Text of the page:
King County updating Burke-Gilman intersections in Kenmore + Look out for event Sunday morning

Route maps from the Biggest Loser website

Route maps from the Biggest Loser website

If you’re going to be out biking Sunday morning, expect some delays and detours on the Burke-Gilman and Ship Canal Trails. The Biggest Loser Run Walk will have 5K and half marathon events with an anticipated 2,000 participants.

Cascade Bicycle Club has the details on the trail closure schedule:

Starting at 8 a.m., the event will take participants routes that include

- the Burke-Gilman Trail from Gasworks Park to 36th Ave NW between 8 and 9:30 a.m.

- the Burke-Gilman Trail from Gasworks Park to 45th Avenue NE between 9 a.m. and 1 p.m.

- the Ship Canal Trail between 8 and 10 a.m.

The ship canal will reopen at 10 a.m., the Burke-Gilman at 1 p.m. There will be signs along the planned course announcing the trail closures.

UPDATE: There will also be some intermittent closures on the Alaskan Way Trail in Sodo Saturday morning. Details from WSDOT:

Crews building a new overpass to the west of Seattle’s stadiums will intermittently close the bicycle and pedestrian trail just north of the South Atlantic Street/East Marginal Way South intersection from 7 a.m. to 3 p.m. on Saturday, Oct. 11. Crews must close the path to keep bicyclists and pedestrians safe while a crane is moving overhead. The closures will last about five minutes each.

The crane will be moving a large sign to make room for construction of permanent trail improvements north of South Atlantic Street. The trail work will begin this fall and be completed next year.

In other trail news, King County is making changes to two Burke-Gilman Trail intersections in Kenmore starting October 22.

Details from the county:

King County Parks is making safety upgrades along the Burke-Gilman Trail at two driveway crossings in the vicinity of 91st Avenue Northeast in Kenmore.

Beginning Tuesday, Oct. 22, trail users and motorists could experience intermittent delays of up to five minutes while crews install trail alert bars, signage, striping and access control at the intersections. Flaggers will be in place to route trail users and motorists around the construction work.

The work is expected to take about one week to complete, and the project could be delayed if the weather is poor. Completing the work will bring the two intersections up to existing King County Parks regional trail standards.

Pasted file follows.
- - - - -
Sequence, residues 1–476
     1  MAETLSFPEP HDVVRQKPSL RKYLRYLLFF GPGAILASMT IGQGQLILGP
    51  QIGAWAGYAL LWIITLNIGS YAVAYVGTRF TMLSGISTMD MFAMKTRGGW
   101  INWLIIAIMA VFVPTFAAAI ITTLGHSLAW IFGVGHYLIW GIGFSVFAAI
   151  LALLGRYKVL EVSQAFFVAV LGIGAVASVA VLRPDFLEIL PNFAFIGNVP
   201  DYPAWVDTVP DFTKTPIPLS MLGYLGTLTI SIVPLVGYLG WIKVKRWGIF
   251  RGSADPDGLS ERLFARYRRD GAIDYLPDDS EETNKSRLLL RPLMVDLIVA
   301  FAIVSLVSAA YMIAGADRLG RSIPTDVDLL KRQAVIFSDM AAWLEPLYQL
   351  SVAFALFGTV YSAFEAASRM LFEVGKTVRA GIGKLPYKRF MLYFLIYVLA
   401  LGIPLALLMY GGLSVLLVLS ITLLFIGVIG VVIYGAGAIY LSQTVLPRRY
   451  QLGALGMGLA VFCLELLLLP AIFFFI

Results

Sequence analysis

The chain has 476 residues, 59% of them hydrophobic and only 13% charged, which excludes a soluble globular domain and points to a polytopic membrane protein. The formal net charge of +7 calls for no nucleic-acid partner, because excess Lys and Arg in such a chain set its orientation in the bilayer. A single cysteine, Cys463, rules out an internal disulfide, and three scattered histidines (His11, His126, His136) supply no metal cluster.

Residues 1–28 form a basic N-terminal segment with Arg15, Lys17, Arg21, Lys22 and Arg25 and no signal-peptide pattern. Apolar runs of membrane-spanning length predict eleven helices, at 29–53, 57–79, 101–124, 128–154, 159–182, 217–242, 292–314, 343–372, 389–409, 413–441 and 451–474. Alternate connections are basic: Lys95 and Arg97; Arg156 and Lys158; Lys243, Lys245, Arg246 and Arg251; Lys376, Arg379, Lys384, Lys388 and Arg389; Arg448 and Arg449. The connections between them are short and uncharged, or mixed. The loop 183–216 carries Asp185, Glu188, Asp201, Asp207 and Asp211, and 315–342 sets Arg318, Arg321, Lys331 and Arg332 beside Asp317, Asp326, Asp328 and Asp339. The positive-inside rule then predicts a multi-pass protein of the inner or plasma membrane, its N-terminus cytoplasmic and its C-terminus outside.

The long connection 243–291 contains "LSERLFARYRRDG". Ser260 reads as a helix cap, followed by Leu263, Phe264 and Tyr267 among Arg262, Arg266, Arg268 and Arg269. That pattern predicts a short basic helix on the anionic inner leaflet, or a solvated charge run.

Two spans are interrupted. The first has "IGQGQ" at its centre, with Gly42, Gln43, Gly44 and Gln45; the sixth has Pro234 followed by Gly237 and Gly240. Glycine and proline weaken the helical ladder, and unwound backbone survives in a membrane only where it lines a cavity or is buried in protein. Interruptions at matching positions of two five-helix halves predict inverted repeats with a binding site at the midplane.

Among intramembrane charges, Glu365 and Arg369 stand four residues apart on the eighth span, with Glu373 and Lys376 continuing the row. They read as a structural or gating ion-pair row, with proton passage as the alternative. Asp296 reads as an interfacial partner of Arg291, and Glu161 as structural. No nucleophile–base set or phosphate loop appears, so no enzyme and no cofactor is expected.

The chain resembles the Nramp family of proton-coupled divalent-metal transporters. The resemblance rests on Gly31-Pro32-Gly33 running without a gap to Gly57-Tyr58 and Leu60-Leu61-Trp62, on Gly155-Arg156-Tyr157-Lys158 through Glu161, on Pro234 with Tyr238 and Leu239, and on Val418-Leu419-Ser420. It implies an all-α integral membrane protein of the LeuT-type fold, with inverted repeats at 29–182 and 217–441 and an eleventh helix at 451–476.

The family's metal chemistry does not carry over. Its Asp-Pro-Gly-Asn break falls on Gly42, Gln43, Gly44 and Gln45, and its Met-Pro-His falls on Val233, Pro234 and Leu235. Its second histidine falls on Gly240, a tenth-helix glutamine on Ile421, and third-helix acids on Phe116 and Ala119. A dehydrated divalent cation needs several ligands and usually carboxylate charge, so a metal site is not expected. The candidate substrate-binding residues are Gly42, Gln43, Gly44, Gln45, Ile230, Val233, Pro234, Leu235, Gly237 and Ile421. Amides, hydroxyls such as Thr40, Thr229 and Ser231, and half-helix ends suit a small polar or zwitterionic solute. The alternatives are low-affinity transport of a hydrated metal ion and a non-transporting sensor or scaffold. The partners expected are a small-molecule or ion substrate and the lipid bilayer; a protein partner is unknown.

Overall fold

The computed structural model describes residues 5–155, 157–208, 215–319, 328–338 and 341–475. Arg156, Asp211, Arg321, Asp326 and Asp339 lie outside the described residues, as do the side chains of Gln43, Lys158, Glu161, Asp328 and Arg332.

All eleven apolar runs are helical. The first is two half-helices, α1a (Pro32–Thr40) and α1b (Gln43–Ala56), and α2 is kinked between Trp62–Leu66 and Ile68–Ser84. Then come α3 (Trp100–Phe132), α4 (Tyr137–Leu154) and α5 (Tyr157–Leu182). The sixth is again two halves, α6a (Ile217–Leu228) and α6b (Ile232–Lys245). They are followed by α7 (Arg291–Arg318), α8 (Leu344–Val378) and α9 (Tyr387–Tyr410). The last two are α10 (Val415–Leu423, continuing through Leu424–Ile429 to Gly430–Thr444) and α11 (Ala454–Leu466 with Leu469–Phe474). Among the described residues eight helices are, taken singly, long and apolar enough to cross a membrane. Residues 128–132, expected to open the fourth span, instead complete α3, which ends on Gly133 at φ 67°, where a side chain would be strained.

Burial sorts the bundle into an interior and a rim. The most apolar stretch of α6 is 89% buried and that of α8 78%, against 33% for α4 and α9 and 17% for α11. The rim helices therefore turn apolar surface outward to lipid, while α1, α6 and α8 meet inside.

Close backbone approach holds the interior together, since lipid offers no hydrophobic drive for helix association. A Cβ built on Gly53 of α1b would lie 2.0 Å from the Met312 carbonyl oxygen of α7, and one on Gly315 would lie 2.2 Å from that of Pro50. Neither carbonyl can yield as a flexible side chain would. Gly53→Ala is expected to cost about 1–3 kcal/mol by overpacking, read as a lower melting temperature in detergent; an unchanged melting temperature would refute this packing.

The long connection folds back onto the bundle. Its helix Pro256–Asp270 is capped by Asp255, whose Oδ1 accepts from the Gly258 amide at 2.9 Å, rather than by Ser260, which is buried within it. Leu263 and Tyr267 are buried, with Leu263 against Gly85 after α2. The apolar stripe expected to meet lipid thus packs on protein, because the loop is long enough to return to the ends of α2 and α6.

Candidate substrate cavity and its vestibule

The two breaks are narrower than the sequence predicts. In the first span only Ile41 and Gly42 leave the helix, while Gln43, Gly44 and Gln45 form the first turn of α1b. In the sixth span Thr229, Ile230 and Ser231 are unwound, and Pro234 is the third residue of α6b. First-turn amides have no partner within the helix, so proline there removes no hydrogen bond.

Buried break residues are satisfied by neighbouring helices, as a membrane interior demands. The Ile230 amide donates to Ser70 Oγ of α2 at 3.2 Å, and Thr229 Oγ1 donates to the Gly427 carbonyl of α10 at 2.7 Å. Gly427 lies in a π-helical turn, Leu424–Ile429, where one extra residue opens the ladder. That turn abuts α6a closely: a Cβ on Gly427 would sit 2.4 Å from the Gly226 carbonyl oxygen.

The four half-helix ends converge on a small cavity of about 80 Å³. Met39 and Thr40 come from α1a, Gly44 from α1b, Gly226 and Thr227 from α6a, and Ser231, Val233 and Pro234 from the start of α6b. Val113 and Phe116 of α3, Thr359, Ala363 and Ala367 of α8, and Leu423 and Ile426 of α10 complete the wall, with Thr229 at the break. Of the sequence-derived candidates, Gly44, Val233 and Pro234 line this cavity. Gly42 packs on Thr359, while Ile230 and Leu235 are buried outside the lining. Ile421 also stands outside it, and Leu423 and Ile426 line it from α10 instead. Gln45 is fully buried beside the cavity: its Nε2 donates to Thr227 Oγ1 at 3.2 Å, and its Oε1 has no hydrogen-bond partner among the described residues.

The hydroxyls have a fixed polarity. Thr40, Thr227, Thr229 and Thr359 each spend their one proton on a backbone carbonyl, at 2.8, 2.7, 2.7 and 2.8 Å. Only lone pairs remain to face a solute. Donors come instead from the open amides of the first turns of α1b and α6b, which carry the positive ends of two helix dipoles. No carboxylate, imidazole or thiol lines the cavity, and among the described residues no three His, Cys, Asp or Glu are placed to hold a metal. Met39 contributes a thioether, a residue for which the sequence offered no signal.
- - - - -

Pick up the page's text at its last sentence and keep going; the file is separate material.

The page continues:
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12 Responses to King County updating Burke-Gilman intersections in Kenmore + Look out for event Sunday morning

  1. Glen Buhlmann says:

    What are “trail alert bars”?

    • Tom Fucoloro says:

      I asked. I’ll update here when I hear back.

      • Tom Fucoloro says:

        Explanation from King County Parks:

        “Alert bars are in-set concrete bands that run perpendicular to the trail on each approach to the crossing. They are usually 12 feet across, 2` feet wide, and set about 30 feet back from the crossing. They provide an advance visible warning to trail users – especially for cyclists, that a crossing is coming up. They were first used in the City of Seattle on new trails, and we adopted them about five or six years ago. They first were used on the Marymoor Connector Trail through the park. We pair them with a standard bollard set and striping to create a consistent crossing configuration.”

      • Andres Salomon says:

        Soooo… they don’t serve alcohol, then? Disappointing.

      • Tom Fucoloro says:

        Bartender: “Here’s your gin and tonic, sir, oh, and by the way, have you heard about this new trail?”

  2. Bill says:

    Are these the trail crossings that are blind to the south, and effectively blind from the north because the roads descend so steeply to the trail that from below you can’t see whether a car is coming?

  3. Glen Buhlmann says:

    OK, so I clearly wasn’t the only one thinking about that type of “bar”. The fact that the story said “bars” (i.e. more than one) had me hopeful.

    • biliruben says:

      192 brewing company is right on the trail in Kenmore.

      I highly recommend it. Good beer, though you have to be very lucky to get some of their actual beer.

      Okay, this is officially OT.

  4. Mike Howell says:

    Another approach KC should consider is installing a traffic light triggered off a pavement embedded sensor to warn cyclists of approaching vehicles. Could you advise where money for this would come from?

    I commute past those driveways daily, and both are blind. I slow down, but am part of the zero (or 0.01%) bicyclists that actually stop for the stop sign at those driveways. Residents are apparently used to this bicyclist behavior and they usually stop before crossing. That said, one day a contractor came zipping up the hill and nearly took me and another cyclist out.

  5. Thatcher Hubbard says:

    I ride past those two driveways on my commute, and I’ve very nearly been run down there twice, by the same jerk in a BMW both times no less. You cans stop at the sign and still almost get hit if a driver is moving quickly. I don’t understand why the cars don’t get a STOP as well.

  6. mhoonchild says:

    I don’t understand why the driveways in Kenmore don’t have the stop signs INSTEAD of the trail. Normal traffic engineering practice is to put the stop sign on the road with less traffic. In all the years I’ve ridden on this section of trail, I’ve seen maybe two cars crossing it.

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